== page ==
Saturday, December 27, 2008

How Careless!

The global financial meltdown has been hitting private universities hard; several small colleges have announced their forthcoming closure, while others, like Beloit College, have fired faculty and staff in response to declining enrollment and shrinking endowments. Even Ivy League schools aren't immune: Yale has announced a $6 billion decline in its endowment, while the losses at my Alma Mater, if they are "marked to market," may exceed $18 billion - a sum roughly equal to the gross domestic product of Panama or Iceland. This is the sort of news that makes me glad I work for a public school, where we're more dependent on state appropriations and federal aid than foundation pay-outs and tuition. I can't even visualize eighteen billion dollars - though this web page may help my curious readers to do so.

Thursday, December 25, 2008

A Gorey Christmas

As a follow-up to my last post, and for the entertainment of those of my readers who are Edward Gorey fans (probably most of you), I present the following links. (None of these have much to do with early American history, though they do refer to media which are at least ten years old.)

* First, here is a pastiche of the Star Trek episode "The Trouble with Tribbles," written and illustrated in Gorey's style by Shaenon Garrity. Gorey himself was a fan of the original series, but apparently missed the Tribble episode. (This story appeared on Boing Boing last year, but I suspect a fair number of people missed it.)

* Gorey also illustrated at least one classic science fiction novel: a 1960 reprint of H.G. Wells's War of the Worlds. This cover illustration is one of the best of the set, and reminds us that the dividing line between s.f. and horror is often quite thin.

* And, finally, a link to a Nine Inch Nails video inspired by Gorey's illustrations. Trent Reznor and Danny Lohner wrote the underlying music and lyrics for the soundtrack to one of David Lynch's films, so it lies at a nexus of late-twentieth-century creepiness.

Happy holidays, everyone.

Thursday, December 18, 2008

Memento Mori

While visiting the Philadelphia College of Physicians three years ago, I saw an exhibit on medicine during the early nineteenth century - a tie-in with the bicentennial of the Lewis & Clark expedition - which included a section on common causes of death, borrowed from the records of two Philadelphia churches. Such a morbid display might seem more suitable for Halloween than for a December weblog posting, but many of the listed causes of death are sufficiently vague and strange (not surprising, given the primitive state of early-nineteenth-century medicine) as to provide a bit of macabre humor. Particularly if you happen to be a fan of Edward Gorey.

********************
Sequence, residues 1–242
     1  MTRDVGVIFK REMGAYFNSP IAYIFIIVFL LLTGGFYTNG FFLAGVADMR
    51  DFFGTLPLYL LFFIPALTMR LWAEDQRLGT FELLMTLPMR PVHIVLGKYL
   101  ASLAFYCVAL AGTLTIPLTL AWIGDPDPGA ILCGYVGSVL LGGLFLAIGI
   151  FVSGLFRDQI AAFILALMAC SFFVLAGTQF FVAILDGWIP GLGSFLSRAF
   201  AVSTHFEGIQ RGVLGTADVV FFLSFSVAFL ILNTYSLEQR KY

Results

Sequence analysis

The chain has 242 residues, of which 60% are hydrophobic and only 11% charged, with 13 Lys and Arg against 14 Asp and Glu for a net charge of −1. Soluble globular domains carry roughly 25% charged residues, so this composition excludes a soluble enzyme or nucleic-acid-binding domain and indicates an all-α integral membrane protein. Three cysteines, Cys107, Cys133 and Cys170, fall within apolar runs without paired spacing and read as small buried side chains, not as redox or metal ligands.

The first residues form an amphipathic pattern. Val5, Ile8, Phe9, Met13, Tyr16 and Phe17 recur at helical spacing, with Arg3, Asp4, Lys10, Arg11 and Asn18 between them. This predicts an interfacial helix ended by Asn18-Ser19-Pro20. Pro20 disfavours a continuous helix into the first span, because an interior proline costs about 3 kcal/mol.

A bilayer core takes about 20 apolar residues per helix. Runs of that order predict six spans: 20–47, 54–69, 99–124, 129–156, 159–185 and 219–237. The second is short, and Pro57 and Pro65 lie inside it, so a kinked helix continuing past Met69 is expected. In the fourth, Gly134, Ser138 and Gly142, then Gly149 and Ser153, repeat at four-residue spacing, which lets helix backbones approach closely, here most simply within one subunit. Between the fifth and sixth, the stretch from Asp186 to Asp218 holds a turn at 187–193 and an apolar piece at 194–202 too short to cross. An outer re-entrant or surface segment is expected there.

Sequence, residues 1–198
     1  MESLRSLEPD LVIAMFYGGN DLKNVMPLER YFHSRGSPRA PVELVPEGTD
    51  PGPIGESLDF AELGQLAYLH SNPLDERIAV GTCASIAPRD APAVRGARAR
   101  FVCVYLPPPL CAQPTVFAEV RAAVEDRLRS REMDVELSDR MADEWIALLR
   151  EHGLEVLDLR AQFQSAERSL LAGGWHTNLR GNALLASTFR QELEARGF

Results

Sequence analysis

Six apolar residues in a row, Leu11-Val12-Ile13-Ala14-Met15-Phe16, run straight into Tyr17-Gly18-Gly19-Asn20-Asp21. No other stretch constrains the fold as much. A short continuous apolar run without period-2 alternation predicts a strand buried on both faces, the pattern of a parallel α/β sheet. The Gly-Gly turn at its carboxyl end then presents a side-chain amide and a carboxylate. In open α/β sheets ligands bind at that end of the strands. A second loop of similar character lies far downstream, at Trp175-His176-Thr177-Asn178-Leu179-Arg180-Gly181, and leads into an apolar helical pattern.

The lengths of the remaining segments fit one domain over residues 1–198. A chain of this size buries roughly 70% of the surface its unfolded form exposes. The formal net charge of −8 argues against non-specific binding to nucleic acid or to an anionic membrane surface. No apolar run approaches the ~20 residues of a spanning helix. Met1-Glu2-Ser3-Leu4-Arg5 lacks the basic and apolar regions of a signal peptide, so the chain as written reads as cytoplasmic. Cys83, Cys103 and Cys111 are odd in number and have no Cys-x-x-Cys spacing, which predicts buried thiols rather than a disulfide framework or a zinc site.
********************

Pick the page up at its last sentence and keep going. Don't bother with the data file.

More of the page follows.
And since a little Gorey-esque humor is always fashionable, I present, herewith, the "Diseases and Casualties in Christ Church and at St. Peters, This Year (25 Dec. 1802 – 25 Dec. 1803):"

Apoplexy (1)
Asthma (1)
Bilious Fever (4)
Bilious Cholic (1)
Child Bed (1)
Consumption (2)
Cancer (0)*
Dropsy (7)
Decay (25)
Drowned (1)
Fits (17)
Flux (4)
Fever (3)
Gravel (0)*
Gout (1)
Hives (6)
Hooping Cough (1)
Killed (3)
Lunacy (3)
Mortification (2)
Measles (4)
Nervous Fever (4)
Old Age (8)
Pleurisy (5)
Palsy (2)
Purging & Vomit (5)
Suddenly (1)
Scarlet Fever (4)
Sore Throat (4)
Smallpox (1)
Teeth & Worms (7)
Yellow Fever (11)

* Apparently, this list was a form or template, as it gave two causes of death that didn't apply to 1803.

The total is 139, though the two parishes counted 143 burials that year - one hopes that either the recorders made a counting error or that the four "extra" burials were of people who died the previous year. There were also 213 baptisms, so births outnumbered deaths by a 3:2 ratio. Nonetheless, Philadelphia, like most early modern cities, was a fairly unhealthy place to live, with a five-year average death rate (for 1793-98) of 40 per 1,000 - roughly equal to present-day Nigeria. (Billy Gordon Smith, The Lower Sort: Philadelphia's Laboring People, 1750-1800 [Cornell UP, 1994], p. 206)

Thursday, December 04, 2008

Obligatory Self-Promotion

My first book, Red Gentlemen and White Savages, is now in press, and should be available for sale by December 21st. Alan Taylor describes it as "an original and substantial contribution to work on the Federalists and Indians, and the best book on this subject to date," while Gregory Nobles says it is "a fresh and engaging book," written "with an appreciation of complexity, but also with great clarity." The Times Literary Supplement has not yet weighed in, but I am hoping they will say my book shows "exceptional promise." One way or another, I'm sure they'll soon be talking about it in all the cafes in Paris.